Letter to the world: Presidential elections in Brazil

, by Giovana Faria, Translated by Will Crisp

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Letter to the world: Presidential elections in Brazil
São Paulo, Brazil. Photo: CC0

Brazil has elected a new president: Jair Bolsonaro emerges victorious from the election, but not without critical voices at home and from abroad. Giovana Faria from São Paulo writes this letter to the world about the political shifts in her home country.

Hello World,

In the last decade, Brazil has been faced with a range of political challenges that have shaken the hopes of many Brazilian citizens. In 2009 began a far-reaching corruption investigation, Operation Carwash, which led to more than a thousand police actions involving searches and confiscations of property, as well as the convictions of business leaders and politicians who had been involved in money-laundering, such as the former president, Luís Inácio Lula da Silva. Then, in 2016, the announcement of President Dilma Rousseff’s impeachment owing to breaches of conduct in state finance was decisive for Brazilians in ushering in an era of widespread dissatisfaction with a government that had been headed by the PT (Labour Party) for over thirteen years.

That longing for a radical change is what, on October 28, made Jair Bolsonaro the President of Brazil. In his twenty-seven years as a Member of Parliament, Bolsonaro gained a salient position in the media through his many controversial statements. Previously, he has said that he would sooner ‘have a dead son than a gay son’ and that ‘the dictatorship should have killed around thirty-thousand people’. But even after comments of this sort, the anxious prospect of four more years under the Labour government was enough to see that the majority of Brazilians would choose Bolsonaro instead as the President of the Federative Republic of Brazil.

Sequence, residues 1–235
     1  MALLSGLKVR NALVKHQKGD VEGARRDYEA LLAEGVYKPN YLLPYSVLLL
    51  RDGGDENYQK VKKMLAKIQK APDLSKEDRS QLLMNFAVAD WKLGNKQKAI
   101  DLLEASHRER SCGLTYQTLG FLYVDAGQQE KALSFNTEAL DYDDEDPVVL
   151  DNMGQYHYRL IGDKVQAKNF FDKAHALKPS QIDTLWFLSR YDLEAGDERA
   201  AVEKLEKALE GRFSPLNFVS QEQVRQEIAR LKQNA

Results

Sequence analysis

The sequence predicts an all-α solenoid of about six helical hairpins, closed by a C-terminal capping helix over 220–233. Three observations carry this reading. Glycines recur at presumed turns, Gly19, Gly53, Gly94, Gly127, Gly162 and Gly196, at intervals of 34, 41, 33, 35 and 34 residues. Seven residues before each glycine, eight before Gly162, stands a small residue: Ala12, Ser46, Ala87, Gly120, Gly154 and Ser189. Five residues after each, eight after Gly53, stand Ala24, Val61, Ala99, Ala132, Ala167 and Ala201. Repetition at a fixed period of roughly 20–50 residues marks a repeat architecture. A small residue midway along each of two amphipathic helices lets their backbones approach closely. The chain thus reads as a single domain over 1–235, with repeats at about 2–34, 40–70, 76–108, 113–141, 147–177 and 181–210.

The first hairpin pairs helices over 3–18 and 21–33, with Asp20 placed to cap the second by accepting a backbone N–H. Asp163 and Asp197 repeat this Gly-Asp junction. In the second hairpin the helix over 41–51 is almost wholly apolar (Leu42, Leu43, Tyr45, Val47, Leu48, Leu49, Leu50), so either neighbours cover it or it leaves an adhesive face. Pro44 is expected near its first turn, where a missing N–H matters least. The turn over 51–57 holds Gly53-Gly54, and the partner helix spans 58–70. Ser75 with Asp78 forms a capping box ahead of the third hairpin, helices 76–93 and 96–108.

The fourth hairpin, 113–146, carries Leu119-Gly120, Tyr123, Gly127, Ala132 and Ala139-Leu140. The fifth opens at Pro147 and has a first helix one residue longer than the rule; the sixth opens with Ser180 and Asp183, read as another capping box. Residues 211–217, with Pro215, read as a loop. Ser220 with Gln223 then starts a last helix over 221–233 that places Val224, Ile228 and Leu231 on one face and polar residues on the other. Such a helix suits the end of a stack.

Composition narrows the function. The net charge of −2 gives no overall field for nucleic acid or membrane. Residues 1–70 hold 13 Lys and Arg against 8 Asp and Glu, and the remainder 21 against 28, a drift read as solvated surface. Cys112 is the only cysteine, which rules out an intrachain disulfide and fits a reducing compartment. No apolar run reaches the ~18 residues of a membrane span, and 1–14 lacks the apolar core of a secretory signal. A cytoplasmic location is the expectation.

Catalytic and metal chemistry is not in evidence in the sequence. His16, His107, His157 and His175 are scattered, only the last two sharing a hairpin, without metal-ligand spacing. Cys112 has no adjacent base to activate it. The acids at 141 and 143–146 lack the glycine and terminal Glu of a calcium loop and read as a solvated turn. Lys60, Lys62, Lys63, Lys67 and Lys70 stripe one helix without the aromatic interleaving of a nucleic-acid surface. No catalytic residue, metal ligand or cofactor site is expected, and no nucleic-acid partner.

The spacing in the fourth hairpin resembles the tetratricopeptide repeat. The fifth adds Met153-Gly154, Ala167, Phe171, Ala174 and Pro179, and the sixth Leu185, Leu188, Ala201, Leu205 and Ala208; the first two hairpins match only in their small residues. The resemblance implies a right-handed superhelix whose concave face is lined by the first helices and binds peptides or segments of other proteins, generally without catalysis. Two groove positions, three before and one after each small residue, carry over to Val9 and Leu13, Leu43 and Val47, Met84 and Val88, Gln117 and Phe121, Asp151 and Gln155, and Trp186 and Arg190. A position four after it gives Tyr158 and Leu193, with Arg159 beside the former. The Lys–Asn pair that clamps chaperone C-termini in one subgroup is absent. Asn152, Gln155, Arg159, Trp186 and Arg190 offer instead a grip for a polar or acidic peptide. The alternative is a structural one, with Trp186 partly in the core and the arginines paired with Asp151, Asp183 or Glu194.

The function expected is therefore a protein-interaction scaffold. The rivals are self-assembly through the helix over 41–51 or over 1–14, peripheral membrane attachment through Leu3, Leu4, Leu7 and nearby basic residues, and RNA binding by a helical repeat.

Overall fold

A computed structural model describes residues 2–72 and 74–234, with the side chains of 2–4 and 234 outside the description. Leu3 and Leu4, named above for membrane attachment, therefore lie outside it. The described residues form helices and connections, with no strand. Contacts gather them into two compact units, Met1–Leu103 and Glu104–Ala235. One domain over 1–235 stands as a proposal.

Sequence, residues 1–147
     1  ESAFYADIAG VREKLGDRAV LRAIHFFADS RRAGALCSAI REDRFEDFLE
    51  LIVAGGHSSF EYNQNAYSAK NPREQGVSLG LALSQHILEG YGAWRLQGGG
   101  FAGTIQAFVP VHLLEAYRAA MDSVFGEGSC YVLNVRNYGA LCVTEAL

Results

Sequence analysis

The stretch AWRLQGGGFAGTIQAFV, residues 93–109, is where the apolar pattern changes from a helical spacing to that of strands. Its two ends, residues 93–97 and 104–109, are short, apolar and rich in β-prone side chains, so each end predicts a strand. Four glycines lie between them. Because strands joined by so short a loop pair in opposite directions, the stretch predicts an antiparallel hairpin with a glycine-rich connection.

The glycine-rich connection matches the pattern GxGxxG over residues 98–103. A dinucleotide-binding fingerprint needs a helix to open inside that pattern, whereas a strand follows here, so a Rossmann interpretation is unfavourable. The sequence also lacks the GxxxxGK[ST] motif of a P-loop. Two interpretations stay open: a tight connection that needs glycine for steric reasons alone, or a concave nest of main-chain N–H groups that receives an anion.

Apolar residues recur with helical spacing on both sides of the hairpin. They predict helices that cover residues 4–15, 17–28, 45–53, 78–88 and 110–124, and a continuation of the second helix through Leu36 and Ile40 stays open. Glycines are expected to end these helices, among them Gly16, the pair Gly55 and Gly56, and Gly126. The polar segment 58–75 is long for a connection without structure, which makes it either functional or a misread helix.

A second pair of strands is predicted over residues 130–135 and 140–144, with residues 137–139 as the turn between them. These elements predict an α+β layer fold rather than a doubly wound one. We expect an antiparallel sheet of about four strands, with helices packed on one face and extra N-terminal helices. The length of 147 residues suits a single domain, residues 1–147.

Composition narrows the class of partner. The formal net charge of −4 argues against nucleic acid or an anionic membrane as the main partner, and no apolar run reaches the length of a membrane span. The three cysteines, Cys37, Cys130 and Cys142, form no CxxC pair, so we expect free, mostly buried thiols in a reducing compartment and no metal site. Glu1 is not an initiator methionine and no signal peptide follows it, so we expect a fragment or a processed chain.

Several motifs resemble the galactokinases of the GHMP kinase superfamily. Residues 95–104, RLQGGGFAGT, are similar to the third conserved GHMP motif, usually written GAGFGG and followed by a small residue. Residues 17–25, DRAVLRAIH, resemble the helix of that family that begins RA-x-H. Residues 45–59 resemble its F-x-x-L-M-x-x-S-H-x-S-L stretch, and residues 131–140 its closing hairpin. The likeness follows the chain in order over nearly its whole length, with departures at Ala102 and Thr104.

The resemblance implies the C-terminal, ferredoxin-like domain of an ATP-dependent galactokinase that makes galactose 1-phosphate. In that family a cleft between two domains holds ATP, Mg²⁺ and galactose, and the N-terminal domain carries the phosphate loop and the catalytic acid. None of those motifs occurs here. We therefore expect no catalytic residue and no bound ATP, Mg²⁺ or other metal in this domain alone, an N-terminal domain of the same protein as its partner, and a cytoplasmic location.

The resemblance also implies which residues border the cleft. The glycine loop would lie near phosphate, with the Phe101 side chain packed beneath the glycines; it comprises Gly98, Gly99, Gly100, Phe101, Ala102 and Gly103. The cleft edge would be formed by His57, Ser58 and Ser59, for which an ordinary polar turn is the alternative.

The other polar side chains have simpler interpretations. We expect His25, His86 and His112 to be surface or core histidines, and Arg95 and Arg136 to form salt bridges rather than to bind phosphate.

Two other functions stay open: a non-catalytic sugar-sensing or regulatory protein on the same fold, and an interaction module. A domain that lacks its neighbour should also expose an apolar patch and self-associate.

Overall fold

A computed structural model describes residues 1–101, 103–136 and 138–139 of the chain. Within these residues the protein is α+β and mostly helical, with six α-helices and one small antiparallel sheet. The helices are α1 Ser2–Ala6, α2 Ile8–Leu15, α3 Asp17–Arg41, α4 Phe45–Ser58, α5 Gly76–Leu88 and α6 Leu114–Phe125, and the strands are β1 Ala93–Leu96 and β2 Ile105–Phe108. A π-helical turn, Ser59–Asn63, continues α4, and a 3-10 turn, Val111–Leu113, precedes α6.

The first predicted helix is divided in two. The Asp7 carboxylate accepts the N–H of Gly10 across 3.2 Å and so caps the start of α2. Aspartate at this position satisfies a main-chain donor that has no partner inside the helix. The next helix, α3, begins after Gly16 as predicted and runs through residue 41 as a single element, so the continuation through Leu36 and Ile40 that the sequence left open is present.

The above was, however, not the only factor that has contributed to the candidate’s popularity. The powerful backing of the agricultural sector managed to unite agriculturalists sympathetic behind the former military officer’s campaign. Plenty of Christians were brought to Bolsonaro’s side by his defence of conservative ideals and traditional family values. Many more voters joined the campaign out of fear. Furthermore, in light of the increasing violence, Bolsonaro suggested dropping the age of criminal responsibility to seventeen years old (at least, in the interim) and softening restrictions on the right to bear arms, so that “honest citizens” – as he calls them – are able to possess a right to self-defence.

After the announcement of the election results, Bolsonaro promised to “defend the constitutional and democratic order” of Brazil. Regarding foreign policy, Bolsonaro has suggested prioritising bilateral treaty relations, encouraging trade with countries offering high-tech economic opportunities for Brazil, deepening integration with all Latin American countries that are free of dictatorship, and not turning away from important democracies like the United States, Israel and Italy. This new president’s plan for government has lofty aims, but no actions to implement them. As a result, it is difficult to predict this election’s possible consequences for the world.

It is hard to say how his politics could change the current global political situation. Nevertheless, one thing is certain: common amongst Brazilians, whether they are Bolsonaro voters or not, is an expectation upon him to govern well and uphold his promise to defend democracy.

I hope the world will enjoy good relations with the new president of Brazil. That is the desire of many Brazilians – not only for you out there, but for ourselves and our country as well.

Yours in hope,

Giovana Faria

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